I no longer feel the need to have everything shiny and new and in the latest style, it is as if I feel now more than ever that there was a time where it was the meaning that gave the value and this was more important than the monetary value of the “thing”. On my wall I have a clock that my mother got for me many years ago and its monetary value is meaningless but it still adorns my wall, she got it for me because she thought it would appeal to me and it still holds that value and the love that came with it deep within.

Sunday afternoon was very cold and wintery and in an attempt to stave off the cold we ventured into Bruccianis for a hot chocolate. Bruccianis is on the promenade at Morecambe and it opened in 1939 and still occupies the same building and much of the interior design and decor is still untouched and it is now a grade 2 listed building.

For me the comfort is in its menu. It takes me back to days gone by when I would warm my hands on a mug of Horlicks in the Bus Station cafe in Rawtenstall after shopping with mum, Terry Jacks and “Seasons in the sun” playing on the radio. The menu here boasts Horlicks, Vimto, Bovril and the ultimate decadence of the Knickerbocker Glory. It isn’t shabby chic, or modern art nouveau but simply still the same as it was many years ago.

Its wealth and beauty is that it is what it is. No charlatan here. A place to warm up with a hot chocolate in the winter-time and chat with family and friends or a special ice-cream treat at the beach in a red-hot summer when the sand feels like it is on fire. Sometimes we don’t need perfection what we really need is congruence and familiarity.

 

Morecambe by the sea

Icy cold toes, winter sun

Horlicks comforts me.

 

© Alison Jean Hankinson

I am submitting this for Haibun Monday at d’Verse, it breaks the rules a tad, but I think it reflects change and perhaps it is also indicative of a change yet to come, a return to a different set of values.

 

Spring lingers long….

It feels as though it is winter that has lingered. I look around me daily and wonder at the daffodils just peeping through and everything seems to be a month behind where it was this time last year. The order is the same, but the flowering has been delayed, the rosy red tulips are only just nodding their heads toward the sun and yet April is past midway and almost done.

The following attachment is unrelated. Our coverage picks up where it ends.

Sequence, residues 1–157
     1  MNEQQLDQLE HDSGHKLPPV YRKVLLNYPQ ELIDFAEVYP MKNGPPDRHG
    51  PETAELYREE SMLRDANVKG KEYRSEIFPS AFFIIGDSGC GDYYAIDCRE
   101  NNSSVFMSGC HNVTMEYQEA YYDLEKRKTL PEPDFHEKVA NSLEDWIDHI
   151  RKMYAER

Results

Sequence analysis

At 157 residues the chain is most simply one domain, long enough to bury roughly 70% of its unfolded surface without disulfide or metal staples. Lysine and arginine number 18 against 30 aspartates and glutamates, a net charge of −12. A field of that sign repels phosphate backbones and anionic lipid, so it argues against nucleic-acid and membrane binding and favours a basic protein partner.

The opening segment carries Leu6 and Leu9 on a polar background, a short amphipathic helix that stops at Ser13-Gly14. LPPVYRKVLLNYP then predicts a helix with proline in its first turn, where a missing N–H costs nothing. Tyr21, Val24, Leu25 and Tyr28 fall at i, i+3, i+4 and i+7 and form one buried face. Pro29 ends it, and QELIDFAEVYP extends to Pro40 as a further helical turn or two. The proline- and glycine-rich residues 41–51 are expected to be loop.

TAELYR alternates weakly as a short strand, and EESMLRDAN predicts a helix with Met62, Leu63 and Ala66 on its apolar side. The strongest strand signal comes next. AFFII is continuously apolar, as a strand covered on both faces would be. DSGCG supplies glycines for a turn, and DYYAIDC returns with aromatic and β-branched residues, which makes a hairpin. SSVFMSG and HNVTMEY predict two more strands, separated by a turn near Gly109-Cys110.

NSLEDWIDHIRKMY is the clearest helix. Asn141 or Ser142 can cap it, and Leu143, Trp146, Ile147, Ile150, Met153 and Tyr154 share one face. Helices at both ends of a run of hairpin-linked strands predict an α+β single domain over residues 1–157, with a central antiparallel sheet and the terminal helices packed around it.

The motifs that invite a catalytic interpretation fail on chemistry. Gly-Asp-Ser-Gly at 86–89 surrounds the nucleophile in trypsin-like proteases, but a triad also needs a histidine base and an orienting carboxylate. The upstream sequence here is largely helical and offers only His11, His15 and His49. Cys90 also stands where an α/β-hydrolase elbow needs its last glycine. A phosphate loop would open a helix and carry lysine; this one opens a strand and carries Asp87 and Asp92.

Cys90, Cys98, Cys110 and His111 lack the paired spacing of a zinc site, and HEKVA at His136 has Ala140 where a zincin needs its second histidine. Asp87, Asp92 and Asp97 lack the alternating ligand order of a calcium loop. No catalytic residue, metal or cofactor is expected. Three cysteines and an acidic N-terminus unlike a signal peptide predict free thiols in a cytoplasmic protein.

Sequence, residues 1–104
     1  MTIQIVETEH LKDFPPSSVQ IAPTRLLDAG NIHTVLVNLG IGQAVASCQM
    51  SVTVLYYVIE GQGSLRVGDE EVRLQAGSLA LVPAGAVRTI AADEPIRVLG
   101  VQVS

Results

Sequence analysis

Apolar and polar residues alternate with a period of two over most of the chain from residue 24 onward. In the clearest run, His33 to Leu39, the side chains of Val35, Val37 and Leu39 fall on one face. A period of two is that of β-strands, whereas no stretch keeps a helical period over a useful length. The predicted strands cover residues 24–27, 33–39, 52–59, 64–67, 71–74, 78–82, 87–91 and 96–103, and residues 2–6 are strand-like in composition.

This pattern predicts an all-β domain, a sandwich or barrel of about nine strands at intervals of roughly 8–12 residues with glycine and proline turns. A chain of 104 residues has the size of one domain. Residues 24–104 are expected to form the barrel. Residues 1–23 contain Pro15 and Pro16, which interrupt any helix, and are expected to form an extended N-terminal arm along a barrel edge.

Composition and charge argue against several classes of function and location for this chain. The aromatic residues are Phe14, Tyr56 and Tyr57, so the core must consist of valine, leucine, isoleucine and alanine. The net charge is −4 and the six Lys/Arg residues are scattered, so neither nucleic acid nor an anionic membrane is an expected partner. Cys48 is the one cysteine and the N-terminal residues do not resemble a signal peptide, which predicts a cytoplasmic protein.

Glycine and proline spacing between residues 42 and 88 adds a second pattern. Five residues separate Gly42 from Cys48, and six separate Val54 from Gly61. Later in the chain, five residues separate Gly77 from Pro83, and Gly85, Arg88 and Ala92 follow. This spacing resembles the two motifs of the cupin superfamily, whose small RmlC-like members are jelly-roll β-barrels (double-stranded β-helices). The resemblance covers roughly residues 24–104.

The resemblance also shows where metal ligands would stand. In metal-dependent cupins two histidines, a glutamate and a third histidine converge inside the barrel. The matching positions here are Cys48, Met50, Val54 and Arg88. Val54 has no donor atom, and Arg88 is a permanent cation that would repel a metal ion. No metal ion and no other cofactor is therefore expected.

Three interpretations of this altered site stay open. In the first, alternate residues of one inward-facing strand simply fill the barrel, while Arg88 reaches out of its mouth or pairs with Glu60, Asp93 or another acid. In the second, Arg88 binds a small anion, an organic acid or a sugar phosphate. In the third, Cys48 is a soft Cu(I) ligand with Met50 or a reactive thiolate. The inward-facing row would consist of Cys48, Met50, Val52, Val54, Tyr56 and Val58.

Then just a sprinkling of sunshine and an early evening stroll and we have stolen moments of pleasure to treasure as the daylight lingers and the smell of spring scintillates the soul.

Pebbles underfoot

Ripples of lingering spring

Sunsets in the west.

 

© Alsion Jean Hankinson

This is for d’Verse haibun monday.

 

 

The Perfect Storm…reflections on the storm of 1953.

It was England’s worst natural disaster of the twentieth century. A combination of a winter windstorm and high spring tides brought disaster and flooding to Scotland, England, the Netherlands, and Belgium. Between January 31 and February 1st a storm tide in the North Sea raised the water level by as much as 5.6metres above sea level in parts of the East coast. There was catastrophic flooding on a massive scale and huge loss of life.

In the Netherlands there were approx 1836 deaths, In England in the east coast counties of Lincolnshire, Suffolk, Essex 307 lives were lost, a further 19 in Scotland and 28 people lost their lives in the Flanders region of Belgium. A further 230 people lost their lives at sea, on small craft, fishing vessels and with the sinking of the MV Princess Victoria. Many of those on shore were drowned in their beds as they slept. Thousands of people were made homeless.

The entire crew of 13 from the fishing trawler the Michael Griffith from Fleetwood were lost to the storm along with two crew from the Islay rescue lifeboat. They had set sail on the Thursday from Fleetwood under skipper Charles Singleton with the youngest crewmember being the deckhand George Palin. The boat vanished south of Barra Head in the early hours of Saturday morning following a stark radio message in morse- “Full of water – no steam – helpless”. Eleven women were widowed and 20 children were left fatherless.